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Kenya Trials Could Begin After 2013 Election

Judges at the International Criminal Court to set start date for cases against four defendants by mid-July.
By Nzau Musau

The trial of four Kenyans charged by the International Criminal Court, ICC, could start after the country’s presidential election scheduled for March 4, 2013, if judges agree to the schedule presented by three defence teams in The Hague this week.

At a status conference held on June 11 and 12, judges told the parties in the two separate cases – each of which consists of two defendants – that they would settle on a start date before the court breaks for the summer on July 13.

“The chamber plans to issue an order on the schedule for trial along with the relevant disclosure deadlines before the start of the summer recess,” Presiding Judge Kuniko Ozaki said after hearing arguments on a possible trial date.

The ICC will hold two separate trials of those accused of orchestrating fighting between supporters of Kenya’s Orange Democratic Movement, ODM, and the Party of National Unity, PNU, which broke out following the presidential election in December 2007. The two cases are divided according to the defendants’ political allegiances during these events.

The clashes resulted in the death of more than 1,100 people and forced 350,000 others from their homes.

The ICC launched an investigation after the Kenyan state failed to initiate prosecutions itself.

In one case, member of parliament for Eldoret North, William Ruto, and radio journalist Joshua Arap Sang will stand trial on three counts of crimes against humanity – murder, deportation and persecution.

In the other case, Kenya’s deputy prime minister Uhuru Kenyatta and former civil service chief Francis Muthaura, face five counts including murder, deportation, persecution, rape, and other inhumane acts.

The four men were first summoned to appear at the ICC in March 2011, and the charges were confirmed by pre-trial judges on January 23 this year. Judges declined to confirm similar charges against two other individuals – former police commissioner Mohammed Hussein Ali, and ex-minister of industrialisation Henry Kosgey.

In court this week, lawyers representing three of the four defendants proposed a start date after the March 2013 election, a position to which the prosecution agreed.

Both Kenyatta and Ruto have publicly declared that they will be running for the presidency. In a written filing on May 28, Ruto asked judges to consider this factor when setting a trial date.

Only Muthaura – through his British lawyer Karim Khan – objected to a post-election start date.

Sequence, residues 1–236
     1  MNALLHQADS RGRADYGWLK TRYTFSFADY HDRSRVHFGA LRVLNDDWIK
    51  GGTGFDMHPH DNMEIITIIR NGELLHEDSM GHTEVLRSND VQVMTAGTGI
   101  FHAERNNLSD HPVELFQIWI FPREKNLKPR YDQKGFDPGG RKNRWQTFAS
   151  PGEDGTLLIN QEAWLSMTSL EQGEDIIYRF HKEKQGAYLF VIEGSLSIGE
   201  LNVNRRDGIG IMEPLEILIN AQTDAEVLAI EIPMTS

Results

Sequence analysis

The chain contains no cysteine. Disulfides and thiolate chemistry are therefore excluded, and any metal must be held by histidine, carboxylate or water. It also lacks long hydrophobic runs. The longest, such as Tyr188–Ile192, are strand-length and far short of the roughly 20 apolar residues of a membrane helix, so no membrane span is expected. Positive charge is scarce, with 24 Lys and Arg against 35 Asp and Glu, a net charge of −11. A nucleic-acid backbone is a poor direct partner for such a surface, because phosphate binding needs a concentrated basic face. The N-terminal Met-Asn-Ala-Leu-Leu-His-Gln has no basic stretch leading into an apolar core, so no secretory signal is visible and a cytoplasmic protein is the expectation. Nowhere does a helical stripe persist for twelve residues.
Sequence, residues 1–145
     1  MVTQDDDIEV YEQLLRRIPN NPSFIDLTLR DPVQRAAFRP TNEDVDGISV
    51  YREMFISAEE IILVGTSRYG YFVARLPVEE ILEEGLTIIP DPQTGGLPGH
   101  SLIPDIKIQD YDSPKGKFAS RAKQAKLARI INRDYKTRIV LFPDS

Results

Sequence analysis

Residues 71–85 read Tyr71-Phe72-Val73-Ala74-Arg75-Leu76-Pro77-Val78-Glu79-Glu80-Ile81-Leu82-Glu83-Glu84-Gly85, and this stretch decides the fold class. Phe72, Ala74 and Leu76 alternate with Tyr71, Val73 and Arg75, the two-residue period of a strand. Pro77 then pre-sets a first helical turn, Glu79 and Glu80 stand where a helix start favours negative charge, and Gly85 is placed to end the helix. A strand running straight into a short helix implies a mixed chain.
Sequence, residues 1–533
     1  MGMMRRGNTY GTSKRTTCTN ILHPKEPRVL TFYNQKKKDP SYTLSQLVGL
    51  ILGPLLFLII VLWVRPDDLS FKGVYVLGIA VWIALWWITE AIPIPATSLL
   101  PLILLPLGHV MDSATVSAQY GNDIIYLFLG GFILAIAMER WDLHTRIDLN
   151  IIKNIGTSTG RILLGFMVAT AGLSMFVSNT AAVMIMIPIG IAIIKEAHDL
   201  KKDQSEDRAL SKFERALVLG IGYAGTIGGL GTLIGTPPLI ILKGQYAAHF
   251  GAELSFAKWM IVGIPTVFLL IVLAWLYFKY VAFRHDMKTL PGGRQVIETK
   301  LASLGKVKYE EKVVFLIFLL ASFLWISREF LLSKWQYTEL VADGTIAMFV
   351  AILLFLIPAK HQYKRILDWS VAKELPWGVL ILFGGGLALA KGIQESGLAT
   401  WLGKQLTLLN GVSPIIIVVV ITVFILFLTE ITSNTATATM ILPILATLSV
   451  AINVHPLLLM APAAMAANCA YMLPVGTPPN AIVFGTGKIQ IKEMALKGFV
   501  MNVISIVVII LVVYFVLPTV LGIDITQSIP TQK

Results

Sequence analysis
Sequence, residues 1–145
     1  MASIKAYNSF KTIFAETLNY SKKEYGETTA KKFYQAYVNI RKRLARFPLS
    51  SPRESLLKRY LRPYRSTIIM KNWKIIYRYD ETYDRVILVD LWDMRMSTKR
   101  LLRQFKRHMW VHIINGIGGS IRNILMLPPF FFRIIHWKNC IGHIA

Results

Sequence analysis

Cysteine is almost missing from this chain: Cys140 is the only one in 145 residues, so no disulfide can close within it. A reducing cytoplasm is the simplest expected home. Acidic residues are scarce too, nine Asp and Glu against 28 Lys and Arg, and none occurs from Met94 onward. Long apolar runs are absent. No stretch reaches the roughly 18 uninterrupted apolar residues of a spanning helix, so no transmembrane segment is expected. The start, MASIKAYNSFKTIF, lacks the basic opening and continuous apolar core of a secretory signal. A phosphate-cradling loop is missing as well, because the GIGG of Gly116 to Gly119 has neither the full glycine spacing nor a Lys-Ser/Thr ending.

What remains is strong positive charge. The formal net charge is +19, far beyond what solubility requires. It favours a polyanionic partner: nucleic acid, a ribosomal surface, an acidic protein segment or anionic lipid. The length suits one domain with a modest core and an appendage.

“We want the trial as soon as possible,” Khan told judges in court on June 12. “My client, Ambassador Muthaura, who is seated behind me, is 65 years old and he wants to remove this stain on his character as soon as possible and enjoy retirement.”

While the prosecution did not object to the trial of Ruto and Arap Sang beginning in March 2013, it requested formal guarantees from the defendants that they would continue to cooperate with the court following the election.

“If it [the trial] is set at such time [after March 2013], we would ask that a written undertaking from the accused be produced so that regardless of the results of the elections, they would appear for trial,” Florence Darques-Lane, prosecuting, said.

The defence teams of Ruto and Arap Sang said their clients would willingly provide such an assurance, but they said it was in any case unnecessary as they had no intention of ignoring summonses to appear before the court.

The lawyer representing the victims of the post-election violence in the case against Kenyatta and Muthaura, Morris Anyah, also supported a March 2013 start – with the proviso that it should have begun by the 9th of that month.

Sureta Chana, Anyah’s counterpart representing victims in the case against Arap Sang and Ruto, said the trial should start as soon as possible in order that the victims obtain justice for the 2007-08 crimes at the earliest opportunity.

The final decision on a start date rests with the judges, who made it clear on June 11 that they had expected the final preparations to be completed before the beginning of 2013.

“I have to confess that this time-frame is not as early as we [Trial Chamber V] anticipated,” Judge Ozaki said.

The start date hinges in part on the prosecution’s disclosure of evidence to the various defence teams. According to court rules, the prosecution must disclose all incriminating and exculpatory evidence in its possession to the defence before the trial starts.

While a schedule for disclosure will be determined by the judges before July 13, the prosecution told the court that it did not anticipate being able to disclose its evidence until early 2013.